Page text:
Zakrzewska, Marie Elisabeth (1S29- 1902).
Berlin, Prussia, was the birth-place of Marie Zakrzewska, a pioneer woman physician, her father an officer in the Prussian Army was a descendant of a Polish family of liigh rank which shared their country's downfall. Her mother traced descent from a gipsy queen of the tribe of Lombardi. The greatgrand- mother went through the events of the Seven Years' War as assistant-surgeon to her father, an army-surgeon, her daughter was a veterinary surgeon and Marie's mother studied and followed the profession of midwife when her husband was dismissed from the army on account of his revolutionary tendencies.
^larie was the eldest of a family of five sisters and one brother.
When eleven years old she was taken by a doctor to the dead house of a hos- pital to see the corpse of a young man whose body had turned green from poison; she was left to roam at will in the dissecting rooms and later was forgotten and locked alone in the dead house until late at night.
She was, also, about this time given two books to read, "The History of Surgery" and "History of Midwifery," and her school days ended when she was thirteen.
The mother's practice was by this time arge and increasing and Marie assisted her mother wherever possible. Marie, when twenty was admitted as student in the Berhn School of Midwifery, but only after a direct appeal to the King by Dr. Schmidt, a prominent physician of the school, himself in failing health. It was planned that Marie should eventually be chief accoucheur in the Hospital Charite and professor of midwifery when he resigned. Marie met with untold oppo- sition, which was only overcome through
Dr. Schmidt's tenacity of purpose and the desire of his colleagues to fulfill his dying wishes.
The appointment was granted on May 15, 1852, but enmity was insidious, and in November of the same year she relinquished her position.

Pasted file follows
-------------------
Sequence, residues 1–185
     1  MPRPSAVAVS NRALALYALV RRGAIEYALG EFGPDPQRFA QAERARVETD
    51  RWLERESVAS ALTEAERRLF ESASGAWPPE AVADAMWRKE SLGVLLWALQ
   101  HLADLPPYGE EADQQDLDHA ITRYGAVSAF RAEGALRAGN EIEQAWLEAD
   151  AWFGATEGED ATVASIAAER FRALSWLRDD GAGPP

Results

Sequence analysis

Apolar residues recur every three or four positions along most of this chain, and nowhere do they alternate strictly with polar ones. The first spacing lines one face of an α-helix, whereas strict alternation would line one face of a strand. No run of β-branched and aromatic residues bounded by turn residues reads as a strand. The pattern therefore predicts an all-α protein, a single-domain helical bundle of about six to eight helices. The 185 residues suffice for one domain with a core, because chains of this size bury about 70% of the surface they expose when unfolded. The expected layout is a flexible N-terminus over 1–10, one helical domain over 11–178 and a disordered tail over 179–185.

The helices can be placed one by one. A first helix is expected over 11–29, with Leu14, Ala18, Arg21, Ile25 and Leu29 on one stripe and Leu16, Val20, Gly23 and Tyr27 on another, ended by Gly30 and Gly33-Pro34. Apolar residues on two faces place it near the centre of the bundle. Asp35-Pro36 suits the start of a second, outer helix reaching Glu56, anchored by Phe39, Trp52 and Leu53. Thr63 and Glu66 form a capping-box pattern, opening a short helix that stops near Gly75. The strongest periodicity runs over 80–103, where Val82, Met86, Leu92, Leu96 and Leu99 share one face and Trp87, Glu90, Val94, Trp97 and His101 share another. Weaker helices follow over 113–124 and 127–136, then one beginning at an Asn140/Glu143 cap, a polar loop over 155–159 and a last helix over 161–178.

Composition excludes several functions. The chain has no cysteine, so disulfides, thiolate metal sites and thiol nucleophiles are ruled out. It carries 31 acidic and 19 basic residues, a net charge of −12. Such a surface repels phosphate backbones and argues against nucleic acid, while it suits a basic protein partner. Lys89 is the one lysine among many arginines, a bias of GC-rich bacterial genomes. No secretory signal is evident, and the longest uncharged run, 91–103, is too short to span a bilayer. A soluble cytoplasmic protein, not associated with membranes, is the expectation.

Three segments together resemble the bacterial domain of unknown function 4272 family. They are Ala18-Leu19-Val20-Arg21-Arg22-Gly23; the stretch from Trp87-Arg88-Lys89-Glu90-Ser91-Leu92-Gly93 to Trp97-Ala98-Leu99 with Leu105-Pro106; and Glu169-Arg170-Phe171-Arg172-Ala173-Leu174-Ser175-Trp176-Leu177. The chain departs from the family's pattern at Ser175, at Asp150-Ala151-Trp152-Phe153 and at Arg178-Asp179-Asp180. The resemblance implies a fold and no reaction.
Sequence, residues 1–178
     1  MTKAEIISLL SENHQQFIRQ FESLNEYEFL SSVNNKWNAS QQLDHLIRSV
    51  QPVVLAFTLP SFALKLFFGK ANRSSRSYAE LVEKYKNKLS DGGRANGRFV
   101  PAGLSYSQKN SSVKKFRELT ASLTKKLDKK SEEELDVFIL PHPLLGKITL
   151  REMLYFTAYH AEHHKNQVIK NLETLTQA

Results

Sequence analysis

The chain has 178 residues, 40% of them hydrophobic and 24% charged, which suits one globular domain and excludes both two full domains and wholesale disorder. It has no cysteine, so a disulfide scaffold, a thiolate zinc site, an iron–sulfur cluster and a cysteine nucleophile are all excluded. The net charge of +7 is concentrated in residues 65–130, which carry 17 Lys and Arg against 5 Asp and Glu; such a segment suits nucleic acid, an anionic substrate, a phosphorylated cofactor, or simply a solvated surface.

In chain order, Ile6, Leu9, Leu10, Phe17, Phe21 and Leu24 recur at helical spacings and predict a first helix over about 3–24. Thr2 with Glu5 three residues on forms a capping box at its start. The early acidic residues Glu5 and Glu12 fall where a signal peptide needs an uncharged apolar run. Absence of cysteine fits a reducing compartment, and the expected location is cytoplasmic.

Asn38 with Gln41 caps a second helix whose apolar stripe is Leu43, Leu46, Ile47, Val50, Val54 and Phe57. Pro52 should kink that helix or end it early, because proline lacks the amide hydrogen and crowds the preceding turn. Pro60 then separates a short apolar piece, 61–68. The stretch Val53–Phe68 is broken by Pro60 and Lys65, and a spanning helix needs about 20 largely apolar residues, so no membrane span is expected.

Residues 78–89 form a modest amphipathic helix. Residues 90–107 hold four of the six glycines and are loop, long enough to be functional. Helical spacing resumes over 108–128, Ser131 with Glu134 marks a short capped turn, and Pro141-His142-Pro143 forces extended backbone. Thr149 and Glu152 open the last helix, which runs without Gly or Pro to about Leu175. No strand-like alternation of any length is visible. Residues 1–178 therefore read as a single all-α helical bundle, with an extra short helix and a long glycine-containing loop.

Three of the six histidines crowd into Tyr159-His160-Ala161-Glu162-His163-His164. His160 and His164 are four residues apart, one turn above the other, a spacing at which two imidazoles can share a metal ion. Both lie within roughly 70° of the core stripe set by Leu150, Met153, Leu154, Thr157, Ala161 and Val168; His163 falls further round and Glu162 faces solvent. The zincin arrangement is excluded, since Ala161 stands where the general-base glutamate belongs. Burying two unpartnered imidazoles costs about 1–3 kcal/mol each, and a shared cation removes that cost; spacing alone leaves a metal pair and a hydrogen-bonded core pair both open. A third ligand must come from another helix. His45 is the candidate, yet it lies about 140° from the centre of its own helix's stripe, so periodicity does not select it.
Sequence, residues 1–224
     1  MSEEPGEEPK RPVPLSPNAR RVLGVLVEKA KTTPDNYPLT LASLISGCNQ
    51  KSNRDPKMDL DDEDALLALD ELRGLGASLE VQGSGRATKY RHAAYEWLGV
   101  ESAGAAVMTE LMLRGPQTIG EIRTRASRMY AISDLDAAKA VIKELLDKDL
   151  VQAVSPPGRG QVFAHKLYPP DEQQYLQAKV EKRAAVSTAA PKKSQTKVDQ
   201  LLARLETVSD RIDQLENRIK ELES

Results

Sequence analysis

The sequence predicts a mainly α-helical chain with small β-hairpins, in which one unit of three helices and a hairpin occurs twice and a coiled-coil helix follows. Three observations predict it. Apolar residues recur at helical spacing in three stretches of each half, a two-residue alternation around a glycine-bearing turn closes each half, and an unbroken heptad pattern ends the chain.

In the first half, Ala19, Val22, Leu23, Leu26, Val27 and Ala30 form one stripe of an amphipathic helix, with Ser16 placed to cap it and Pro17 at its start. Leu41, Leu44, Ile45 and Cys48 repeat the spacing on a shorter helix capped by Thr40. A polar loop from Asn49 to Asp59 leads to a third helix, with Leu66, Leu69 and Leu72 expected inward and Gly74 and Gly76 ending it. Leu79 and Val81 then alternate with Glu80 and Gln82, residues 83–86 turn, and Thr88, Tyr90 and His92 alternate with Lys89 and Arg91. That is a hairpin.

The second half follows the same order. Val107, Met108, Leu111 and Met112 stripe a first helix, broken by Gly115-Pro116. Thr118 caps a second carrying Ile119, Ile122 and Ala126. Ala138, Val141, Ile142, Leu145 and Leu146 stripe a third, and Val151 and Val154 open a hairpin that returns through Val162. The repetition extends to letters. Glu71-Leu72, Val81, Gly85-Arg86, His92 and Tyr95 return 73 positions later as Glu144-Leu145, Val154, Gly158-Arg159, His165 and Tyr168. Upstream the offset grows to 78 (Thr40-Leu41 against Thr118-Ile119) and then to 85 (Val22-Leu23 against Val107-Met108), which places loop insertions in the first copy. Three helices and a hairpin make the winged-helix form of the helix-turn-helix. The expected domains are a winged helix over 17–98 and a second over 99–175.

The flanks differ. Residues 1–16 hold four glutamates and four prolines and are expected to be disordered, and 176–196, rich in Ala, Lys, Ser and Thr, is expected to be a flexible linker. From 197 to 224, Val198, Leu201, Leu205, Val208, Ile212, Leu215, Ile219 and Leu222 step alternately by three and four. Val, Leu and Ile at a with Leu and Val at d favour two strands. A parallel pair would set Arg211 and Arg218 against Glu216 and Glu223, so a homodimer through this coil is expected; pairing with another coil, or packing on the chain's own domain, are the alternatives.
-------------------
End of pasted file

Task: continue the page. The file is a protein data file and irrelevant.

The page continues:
The first report of the Pennsylvania Female College had been sent to Dr. Schmidt, and Marie planned to emigrate, a project not executed until March, 1853. The parting from a home to which she was never to return, was, she writes, the hardest moment of her life. A sister accompanied her and after a voyage of forty-seven days the two girls reached New York with the sum of one hundred dollars between them. It was a blow to learn from Dr. Reisig, a friend, that in America, women physicians were of the lowest rank, and her limitations in the English language prevented her from getting in touch with members of the medical profession. Nevertheless, after securing suitable rooms Marie put out her sign but practice did not come. Then Marie turned heroically for a time from her chosen work and started in the trade of supplying embroidered work to the wholesale houses. She %vas soon able to give work to as many as thirty girls and thus earned sufficient to keep in comparative comfort a family of four, for in September a second sister and a friend joined them. From her work girls she gained a lasting impression of the al- most hopeless struggle they waged against a life of shame. The wolf being now a reasonable distance from the door, Marie turned again to her cherished project, and obtained an interview with Dr. Eliza- beth Blackwell, whereby the gates, so long closed, began to swing slowly open to the kingdom of hope.
Dr. Efizabeth Blackwell in\ated Marie to assist in her dispensary, offered to